Kawasaki’s disease is a rare, acute illness of unknown cause that most commonly affects children under two years of age. The disease is characterized by fever lasting one to two weeks; conjunctivitis; dryness and cracking of the lips; swollen lymph nodes in the neck; reddening of the palms and soles; and a generalized rash.
By the end of the second week of illness, the skin at the tips of the fingers and toes peels and other symptoms subside.
The heart muscle and coronary arteries are affected in some cases. High doses of gamma-globulin and aspirin may be given in order to prevent associated heart complications. The majority of children recover completely.
Kawasaki's disease in detail - technical
- Historical perspective
- Aetiology, genetics, pathogenesis, and pathology
- Clinical and laboratory features
- Differential diagnosis
- Clinical investigation
- Criteria for diagnosis
- Prognosis and long-term management
- Likely future developments
- Further reading
Kawasaki’s disease is an acute, self-limited, inflammatory vasculitis of unknown aetiology, with a peak incidence under 5 years of age.
Clinical features—the diagnosis is made in the presence of persistent fever for 5 days or more and at least four of the following five clinical signs: (1) nonpurulent conjunctivitis, (2) oropharyngeal inflammation, (3) cervical lymphadenopathy, (4) polymorphous exanthem, and (5) erythema of the palms and soles with subsequent desquamation. Incomplete presentations occur in approximately 25% of patients. The primary complications are cardiac, with coronary artery dilation and aneurysms evident in approximately 15 to 25% of untreated patients.
Management and prognosis—primary therapy consists of a single high dose of intravenous gammaglobulin, reducing the prevalence of coronary artery complications to approximately 4% if given within 10 days of the onset of fever. Persistent coronary artery lesions, with an ongoing risk of thrombosis and stenosis, are the predominant long-term morbidity. In adults, new presentations of myocardial ischemia with the associated finding of coronary artery aneurysms may suggest a previous episode of Kawasaki’s disease during childhood.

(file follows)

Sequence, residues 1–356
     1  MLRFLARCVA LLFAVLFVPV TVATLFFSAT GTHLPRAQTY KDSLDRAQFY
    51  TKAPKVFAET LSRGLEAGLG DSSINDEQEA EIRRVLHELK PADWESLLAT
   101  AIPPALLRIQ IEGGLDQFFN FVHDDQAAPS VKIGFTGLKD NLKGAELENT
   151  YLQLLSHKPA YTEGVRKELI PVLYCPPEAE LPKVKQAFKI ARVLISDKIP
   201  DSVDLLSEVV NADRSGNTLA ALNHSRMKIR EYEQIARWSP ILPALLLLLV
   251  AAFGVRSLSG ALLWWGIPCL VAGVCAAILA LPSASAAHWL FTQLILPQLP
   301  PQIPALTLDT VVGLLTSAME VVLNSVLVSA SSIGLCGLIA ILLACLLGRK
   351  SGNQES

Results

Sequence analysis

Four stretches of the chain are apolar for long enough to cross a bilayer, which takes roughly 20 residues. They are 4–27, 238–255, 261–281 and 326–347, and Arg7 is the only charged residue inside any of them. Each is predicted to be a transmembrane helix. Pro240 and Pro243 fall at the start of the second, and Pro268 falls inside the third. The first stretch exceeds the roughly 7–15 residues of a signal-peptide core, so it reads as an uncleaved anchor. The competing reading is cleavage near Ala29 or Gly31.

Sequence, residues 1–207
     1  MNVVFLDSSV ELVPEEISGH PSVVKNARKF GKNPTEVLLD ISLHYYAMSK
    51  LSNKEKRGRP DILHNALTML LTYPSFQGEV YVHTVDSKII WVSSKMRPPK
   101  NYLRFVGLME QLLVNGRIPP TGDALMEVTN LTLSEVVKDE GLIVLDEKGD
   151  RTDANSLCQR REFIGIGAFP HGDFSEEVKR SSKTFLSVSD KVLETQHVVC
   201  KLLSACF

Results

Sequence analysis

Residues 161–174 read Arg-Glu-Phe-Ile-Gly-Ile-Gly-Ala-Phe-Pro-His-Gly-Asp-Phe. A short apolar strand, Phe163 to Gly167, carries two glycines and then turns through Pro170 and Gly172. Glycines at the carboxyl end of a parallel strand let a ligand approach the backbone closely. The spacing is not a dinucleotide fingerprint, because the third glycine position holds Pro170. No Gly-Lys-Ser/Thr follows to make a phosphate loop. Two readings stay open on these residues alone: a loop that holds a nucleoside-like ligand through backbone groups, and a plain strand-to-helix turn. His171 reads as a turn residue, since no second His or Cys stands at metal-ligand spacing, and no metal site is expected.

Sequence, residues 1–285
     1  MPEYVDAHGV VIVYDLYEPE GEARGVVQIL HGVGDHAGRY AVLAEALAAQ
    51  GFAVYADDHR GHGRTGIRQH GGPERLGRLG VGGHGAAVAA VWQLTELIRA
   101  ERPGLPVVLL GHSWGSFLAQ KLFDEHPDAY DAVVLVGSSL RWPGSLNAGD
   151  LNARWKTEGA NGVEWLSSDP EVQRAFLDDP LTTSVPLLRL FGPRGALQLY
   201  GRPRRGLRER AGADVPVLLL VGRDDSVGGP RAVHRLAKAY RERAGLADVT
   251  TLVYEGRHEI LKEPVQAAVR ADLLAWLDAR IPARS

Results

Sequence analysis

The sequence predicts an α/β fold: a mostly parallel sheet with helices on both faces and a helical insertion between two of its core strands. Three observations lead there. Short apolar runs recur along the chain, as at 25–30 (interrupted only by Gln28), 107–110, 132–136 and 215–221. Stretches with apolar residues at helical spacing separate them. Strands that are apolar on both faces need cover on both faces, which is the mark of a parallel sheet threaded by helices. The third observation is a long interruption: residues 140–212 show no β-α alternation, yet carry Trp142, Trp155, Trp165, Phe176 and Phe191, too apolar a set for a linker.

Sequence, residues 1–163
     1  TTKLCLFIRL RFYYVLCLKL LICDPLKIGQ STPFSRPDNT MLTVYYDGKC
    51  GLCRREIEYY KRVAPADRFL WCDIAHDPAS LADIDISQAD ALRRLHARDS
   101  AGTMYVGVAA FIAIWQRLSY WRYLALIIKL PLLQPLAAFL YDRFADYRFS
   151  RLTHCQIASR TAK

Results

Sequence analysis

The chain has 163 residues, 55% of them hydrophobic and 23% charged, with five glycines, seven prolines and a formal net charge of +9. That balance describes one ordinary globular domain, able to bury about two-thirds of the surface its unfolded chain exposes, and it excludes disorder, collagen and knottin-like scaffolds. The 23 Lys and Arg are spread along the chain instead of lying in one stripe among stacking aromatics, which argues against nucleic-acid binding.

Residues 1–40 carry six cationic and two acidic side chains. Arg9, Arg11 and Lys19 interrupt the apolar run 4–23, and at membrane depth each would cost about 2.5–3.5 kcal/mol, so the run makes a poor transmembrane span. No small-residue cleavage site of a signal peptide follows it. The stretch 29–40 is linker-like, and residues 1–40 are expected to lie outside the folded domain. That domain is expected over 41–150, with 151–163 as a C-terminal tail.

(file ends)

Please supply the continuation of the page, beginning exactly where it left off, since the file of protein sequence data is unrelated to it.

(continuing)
Kawasaki’s disease is an acute, self-limited, inflammatory vasculitis, predominantly occurring in children under 5 years of age, complicated by coronary artery dilatation and aneurysms, with subsequent risk of thrombosis, stenosis, and cardiac ischaemia, and sudden death.
Kawasaki’s disease was first described in Japan in 1967 by Dr Tomisaku Kawasaki, a paediatrician. In his initial report he described the characteristic clinical features, but concluded that it was a self-limiting illness with no sequelae. Subsequently, it has been recognized that Kawasaki’s disease is a systemic vasculitis with a predilection for the coronary arteries, resulting in dilatation and aneurysms. It has now been described world wide in all races, and has become the leading cause of acquired cardiac disease in children.
Bullet list 1 Epidemiological case definition of Kawasaki’s disease